Research in Pakistan yields findings on hereditary hearing loss

May / June 2014 | Volume 13, Issue 3

Dr. Sadaf Naz works in lab with two other women researchers, observing notes
Photo courtesy of Dr. Sadaf Naz

Dr. Sadaf Naz (right) and her trainee Ayesha Imtiaz
(center) are studying hearing loss in Pakistan. They
both have trained at NIH, where Imtiaz is completing
her Ph.D. thesis research in Dr. Friedman's lab.

Dr. Sadaf Naz is investigating the world's largest cohort with hereditary moderate-to-severe hearing loss, which requires driving to remote Pakistani villages never before visited by a researcher and screening willing residents for auditory impairments. Naz, an associate professor at the University of the Punjab, has received NIH support as both a trainee and grantee, which led her to establish her institution's first human genetics laboratory.

"Most of my advanced training in molecular biology was at NIH," Naz said. "It allowed me to come back and establish an independent human genetics lab. I've been able to train students and build research capacity here in Lahore." Her current master's and doctoral trainees specialize in hearing, movement disorders and cleft palate; one has just completed a phase of training in deafness research training at the National Institute on Deafness and Other Communication Disorders (NIDCD).

Naz found her way to the U.S. in large part by chance, she recalls. "In 1996, human molecular genetics was such a nascent field in Pakistan and there were very few opportunities," so she sent out a blanket of emails to global experts in hearing loss genetics - her field of research during her Ph.D. degree. The NIDCD invited her to the U.S. to train and later offered her a postdoctoral fellowship.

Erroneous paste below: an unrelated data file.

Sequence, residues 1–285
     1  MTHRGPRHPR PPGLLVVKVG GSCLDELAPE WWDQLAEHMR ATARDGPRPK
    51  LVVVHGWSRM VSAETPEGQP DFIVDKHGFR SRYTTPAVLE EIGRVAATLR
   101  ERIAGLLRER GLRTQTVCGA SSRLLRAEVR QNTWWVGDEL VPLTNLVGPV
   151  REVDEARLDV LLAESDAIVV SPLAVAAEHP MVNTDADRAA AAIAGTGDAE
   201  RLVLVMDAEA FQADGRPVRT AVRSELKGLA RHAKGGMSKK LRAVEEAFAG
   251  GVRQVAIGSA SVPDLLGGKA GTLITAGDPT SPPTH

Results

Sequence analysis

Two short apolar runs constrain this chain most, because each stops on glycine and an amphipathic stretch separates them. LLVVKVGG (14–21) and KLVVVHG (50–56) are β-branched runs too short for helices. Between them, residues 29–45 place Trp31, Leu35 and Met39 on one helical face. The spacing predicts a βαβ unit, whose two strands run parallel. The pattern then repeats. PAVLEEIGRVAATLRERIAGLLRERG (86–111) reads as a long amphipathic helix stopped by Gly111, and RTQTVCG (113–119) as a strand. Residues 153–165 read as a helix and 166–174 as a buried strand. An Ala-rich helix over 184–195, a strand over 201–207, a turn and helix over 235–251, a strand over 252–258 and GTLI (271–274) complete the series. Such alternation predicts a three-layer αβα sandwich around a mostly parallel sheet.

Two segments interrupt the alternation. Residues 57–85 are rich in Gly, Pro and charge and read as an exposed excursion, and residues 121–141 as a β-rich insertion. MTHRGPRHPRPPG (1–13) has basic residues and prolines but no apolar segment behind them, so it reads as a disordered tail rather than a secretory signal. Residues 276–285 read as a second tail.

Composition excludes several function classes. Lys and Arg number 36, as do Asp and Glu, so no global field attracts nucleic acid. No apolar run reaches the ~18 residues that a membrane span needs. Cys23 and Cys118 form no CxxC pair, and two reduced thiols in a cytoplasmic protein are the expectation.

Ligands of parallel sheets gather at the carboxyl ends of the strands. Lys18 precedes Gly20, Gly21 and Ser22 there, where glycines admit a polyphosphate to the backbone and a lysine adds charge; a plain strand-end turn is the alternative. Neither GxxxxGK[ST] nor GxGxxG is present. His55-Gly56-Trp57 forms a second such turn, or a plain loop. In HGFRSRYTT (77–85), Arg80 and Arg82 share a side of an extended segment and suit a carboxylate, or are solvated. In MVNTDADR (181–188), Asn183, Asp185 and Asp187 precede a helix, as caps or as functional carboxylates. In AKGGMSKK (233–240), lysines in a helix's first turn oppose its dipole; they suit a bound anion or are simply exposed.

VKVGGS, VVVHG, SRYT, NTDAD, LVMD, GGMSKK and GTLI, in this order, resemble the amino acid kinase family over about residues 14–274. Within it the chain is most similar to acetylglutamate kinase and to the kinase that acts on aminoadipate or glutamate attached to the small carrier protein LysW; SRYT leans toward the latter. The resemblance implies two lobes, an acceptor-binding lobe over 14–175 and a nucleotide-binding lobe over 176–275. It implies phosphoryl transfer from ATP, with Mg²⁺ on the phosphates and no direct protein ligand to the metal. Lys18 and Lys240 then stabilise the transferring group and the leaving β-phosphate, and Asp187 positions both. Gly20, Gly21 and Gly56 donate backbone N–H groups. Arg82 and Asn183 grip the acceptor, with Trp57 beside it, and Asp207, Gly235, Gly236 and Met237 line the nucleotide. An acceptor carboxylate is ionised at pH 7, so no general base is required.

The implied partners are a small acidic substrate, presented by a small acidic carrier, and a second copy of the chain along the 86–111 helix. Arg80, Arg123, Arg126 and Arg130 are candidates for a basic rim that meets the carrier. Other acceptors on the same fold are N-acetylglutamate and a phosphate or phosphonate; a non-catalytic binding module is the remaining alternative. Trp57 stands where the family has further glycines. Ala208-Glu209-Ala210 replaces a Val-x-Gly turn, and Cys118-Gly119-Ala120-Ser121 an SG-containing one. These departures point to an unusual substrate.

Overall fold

Back at home, she secured funding from the Pakistani government and then was the first scientist in Pakistan to obtain an R01 research grant from the NIH - a Fogarty Global Research Initiative Program award. This enabled her to hunt for genetic mutations involved in moderate-to-severe hearing loss. "It's harder to find people with this condition," Naz said. "In profound deafness, people use sign language and attend special schools, so are easier to identify. For our research, we have to do a lot of audiograms [hearing tests] and fieldwork to find families with a high prevalence."

Young male researcher conducts hearing test on young man, who is seated on bed wearing earphone connected by chord to device
Photo by Ayesha Imtiaz

Dr. Naz's team conducts hearing tests in various
remote locations.

From their efforts thus far, Naz and her team have studied more than 80 large families and identified mutations in three new genes which cause progressive or stable hearing loss, findings that extend the world's knowledge about the inheritability of moderate-to-severe symptoms and increase the hope of eventual interventions.

"I'd like human genetics to come into its own in Pakistan. We have a lot of genetic defects, the reason being marriages between cousins or other close relatives," she said, noting that the health care system does not automatically conduct newborn screening as happens in the U.S. "We now have mapping, identification of human genes, but no genetic counselors, no center where people can get information or testing. If I could establish such a facility, I would be very happy."

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